Objectives: Normal efficiency of exercise-induced hypoalgesia (EIH) has been demonstrated in people with knee osteoarthritis (OA), while recent evidence suggests that EIH may be associated with features of pain sensitization such as abnormal conditioned pain modulation (CPM). The aim of this study was to investigate whether people with knee OA with abnormal CPM have dysfunctional EIH compared with those with normal CPM and pain-free controls.
Methods: Forty peoples with knee OA were subdivided into groups with abnormal and normal CPM, as determined by a decrease/increase in pressure pain thresholds (PPTs) following the cold pressor test. Abnormal CPM (n=19), normal CPM (n=21), and control participants (n=20) underwent PPT testing before, during, and after aerobic and isometric exercise protocols. Between-group differences were analyzed using repeated-measures analysis of variance and within-group differences were analyzed using Wilcoxon signed-rank tests.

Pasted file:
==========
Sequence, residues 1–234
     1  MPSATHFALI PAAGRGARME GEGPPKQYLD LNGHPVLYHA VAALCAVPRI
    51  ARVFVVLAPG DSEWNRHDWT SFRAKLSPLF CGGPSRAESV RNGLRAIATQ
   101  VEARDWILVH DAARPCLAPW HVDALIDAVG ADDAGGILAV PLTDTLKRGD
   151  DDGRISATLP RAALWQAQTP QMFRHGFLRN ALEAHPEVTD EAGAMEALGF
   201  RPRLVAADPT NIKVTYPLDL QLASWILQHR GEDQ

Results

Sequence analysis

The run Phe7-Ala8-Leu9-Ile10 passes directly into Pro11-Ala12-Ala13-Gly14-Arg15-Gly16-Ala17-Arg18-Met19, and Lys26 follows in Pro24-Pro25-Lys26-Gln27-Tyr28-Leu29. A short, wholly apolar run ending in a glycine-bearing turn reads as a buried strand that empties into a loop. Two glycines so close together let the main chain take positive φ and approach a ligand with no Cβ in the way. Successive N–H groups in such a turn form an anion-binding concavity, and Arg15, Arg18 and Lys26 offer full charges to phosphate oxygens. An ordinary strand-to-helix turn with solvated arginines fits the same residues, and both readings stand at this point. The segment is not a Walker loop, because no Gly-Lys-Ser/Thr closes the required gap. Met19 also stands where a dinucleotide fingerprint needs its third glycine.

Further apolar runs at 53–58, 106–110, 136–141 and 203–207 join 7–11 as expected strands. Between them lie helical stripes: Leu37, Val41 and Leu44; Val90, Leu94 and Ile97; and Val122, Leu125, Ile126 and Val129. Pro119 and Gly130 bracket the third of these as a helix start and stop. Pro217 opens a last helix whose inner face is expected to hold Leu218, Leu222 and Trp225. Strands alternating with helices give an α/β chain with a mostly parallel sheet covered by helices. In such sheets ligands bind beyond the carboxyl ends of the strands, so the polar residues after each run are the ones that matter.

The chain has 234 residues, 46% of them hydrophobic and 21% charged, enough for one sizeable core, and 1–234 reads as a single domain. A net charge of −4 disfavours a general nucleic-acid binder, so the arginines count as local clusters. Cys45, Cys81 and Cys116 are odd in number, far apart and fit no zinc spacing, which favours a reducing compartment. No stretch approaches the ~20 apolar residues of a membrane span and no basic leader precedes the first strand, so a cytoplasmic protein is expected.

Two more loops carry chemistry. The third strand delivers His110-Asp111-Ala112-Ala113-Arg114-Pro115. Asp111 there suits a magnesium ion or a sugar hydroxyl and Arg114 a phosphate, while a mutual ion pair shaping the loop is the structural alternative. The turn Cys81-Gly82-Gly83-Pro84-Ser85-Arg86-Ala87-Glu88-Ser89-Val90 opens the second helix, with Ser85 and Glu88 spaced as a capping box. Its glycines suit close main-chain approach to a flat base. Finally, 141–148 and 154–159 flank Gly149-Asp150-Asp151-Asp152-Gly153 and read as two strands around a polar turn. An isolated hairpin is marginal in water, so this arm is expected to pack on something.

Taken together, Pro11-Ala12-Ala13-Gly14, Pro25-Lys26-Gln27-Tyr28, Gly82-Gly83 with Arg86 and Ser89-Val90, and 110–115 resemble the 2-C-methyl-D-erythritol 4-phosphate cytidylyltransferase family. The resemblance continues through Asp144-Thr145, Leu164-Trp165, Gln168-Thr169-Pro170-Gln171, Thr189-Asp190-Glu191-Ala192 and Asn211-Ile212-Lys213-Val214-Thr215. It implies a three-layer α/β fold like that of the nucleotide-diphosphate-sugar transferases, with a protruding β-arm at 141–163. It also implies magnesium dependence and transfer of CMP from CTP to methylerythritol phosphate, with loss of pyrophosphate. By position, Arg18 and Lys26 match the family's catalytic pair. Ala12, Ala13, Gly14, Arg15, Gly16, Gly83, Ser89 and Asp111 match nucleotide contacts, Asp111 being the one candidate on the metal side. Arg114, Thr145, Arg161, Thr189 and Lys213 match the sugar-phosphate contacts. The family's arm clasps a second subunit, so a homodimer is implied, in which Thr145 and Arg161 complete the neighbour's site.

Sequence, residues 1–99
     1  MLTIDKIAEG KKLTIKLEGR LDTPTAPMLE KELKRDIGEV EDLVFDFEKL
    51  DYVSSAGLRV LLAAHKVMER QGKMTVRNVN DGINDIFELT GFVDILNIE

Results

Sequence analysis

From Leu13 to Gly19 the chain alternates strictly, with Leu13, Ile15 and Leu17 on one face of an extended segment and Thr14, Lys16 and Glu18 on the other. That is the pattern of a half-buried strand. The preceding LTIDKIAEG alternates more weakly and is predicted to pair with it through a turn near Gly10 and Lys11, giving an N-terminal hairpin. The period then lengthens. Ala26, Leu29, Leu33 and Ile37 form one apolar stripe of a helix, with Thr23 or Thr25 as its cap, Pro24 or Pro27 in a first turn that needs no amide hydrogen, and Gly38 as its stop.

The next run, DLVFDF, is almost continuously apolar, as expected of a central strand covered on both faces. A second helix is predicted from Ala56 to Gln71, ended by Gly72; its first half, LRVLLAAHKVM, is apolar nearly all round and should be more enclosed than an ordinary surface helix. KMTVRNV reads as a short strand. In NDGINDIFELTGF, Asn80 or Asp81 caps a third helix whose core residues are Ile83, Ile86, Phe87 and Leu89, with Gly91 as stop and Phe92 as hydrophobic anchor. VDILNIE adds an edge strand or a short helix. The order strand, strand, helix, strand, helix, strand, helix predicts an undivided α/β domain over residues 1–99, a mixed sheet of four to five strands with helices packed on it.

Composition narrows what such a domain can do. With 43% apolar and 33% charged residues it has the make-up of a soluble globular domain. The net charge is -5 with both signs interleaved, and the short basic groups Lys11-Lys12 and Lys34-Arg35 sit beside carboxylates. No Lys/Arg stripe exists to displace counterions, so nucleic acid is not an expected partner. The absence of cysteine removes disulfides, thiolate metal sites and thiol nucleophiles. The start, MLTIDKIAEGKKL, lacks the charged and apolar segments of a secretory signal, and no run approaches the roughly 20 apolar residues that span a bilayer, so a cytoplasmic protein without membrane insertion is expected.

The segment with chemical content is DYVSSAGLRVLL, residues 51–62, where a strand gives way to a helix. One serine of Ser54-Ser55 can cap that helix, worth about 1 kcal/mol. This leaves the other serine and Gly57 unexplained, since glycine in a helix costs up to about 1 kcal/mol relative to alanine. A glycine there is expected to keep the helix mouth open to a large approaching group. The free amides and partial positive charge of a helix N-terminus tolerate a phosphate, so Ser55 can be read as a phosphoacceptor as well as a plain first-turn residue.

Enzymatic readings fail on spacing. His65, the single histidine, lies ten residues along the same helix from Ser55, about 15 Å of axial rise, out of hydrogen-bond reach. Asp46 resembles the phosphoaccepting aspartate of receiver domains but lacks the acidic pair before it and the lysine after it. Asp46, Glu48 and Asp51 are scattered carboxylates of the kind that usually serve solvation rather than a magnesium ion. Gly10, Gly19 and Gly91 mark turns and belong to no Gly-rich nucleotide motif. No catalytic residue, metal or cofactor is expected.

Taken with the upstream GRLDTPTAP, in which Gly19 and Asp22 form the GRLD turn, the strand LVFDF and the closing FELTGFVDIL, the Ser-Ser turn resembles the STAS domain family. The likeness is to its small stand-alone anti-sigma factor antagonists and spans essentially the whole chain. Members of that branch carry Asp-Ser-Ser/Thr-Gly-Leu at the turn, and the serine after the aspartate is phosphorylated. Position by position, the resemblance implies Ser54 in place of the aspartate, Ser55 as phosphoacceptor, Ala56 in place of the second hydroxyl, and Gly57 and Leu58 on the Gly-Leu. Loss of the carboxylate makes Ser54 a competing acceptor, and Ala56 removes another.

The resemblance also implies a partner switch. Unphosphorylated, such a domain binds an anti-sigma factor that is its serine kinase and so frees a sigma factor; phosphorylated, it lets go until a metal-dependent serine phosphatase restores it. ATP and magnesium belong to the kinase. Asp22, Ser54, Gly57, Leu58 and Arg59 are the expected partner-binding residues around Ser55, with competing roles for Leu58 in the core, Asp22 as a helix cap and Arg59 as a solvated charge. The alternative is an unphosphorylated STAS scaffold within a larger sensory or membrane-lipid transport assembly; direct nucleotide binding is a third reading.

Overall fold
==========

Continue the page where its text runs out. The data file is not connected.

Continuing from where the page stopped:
Results: Significant differences were demonstrated between groups for changes in PPTs postaerobic (F2,55=4.860; P=0.011) and isometric (F2,57=4.727; P=0.013) exercise, with significant decreases in PPTs demonstrated during and postexercise in the abnormal CPM group (P<0.05), and significant increases in PPTs shown during and postexercise in the normal CPM and control groups (P<0.05).
Conclusions: Results are suggestive of dysfunctional EIH in response to aerobic and isometric exercise in knee OA patients with abnormal CPM, and normal function of EIH in knee OA patients with an efficient CPM response. Identification of people with knee OA with inefficient endogenous pain modulation may allow for a more individualized and graded approach to exercises in these individuals.
*School of Public Health, Physiotherapy and Sports Science and Population Science, University College Dublin
†St. Vincent’s University Hospital, Dublin, Ireland
Supported by an EMBARK postgraduate scholarship from the Irish Research Council, Dublin.
The authors declare no conflict of interest.
Reprints: Caitríona Fingleton, PhD, BSc, School of Public Health, Physiotherapy and Sports Science & Population Science, Health Sciences Centre, Belfield, Dublin 4 (e-mail: firstname.lastname@example.org).
Received September 15, 2015
Received in revised form August 24, 2016
Accepted July 4, 2016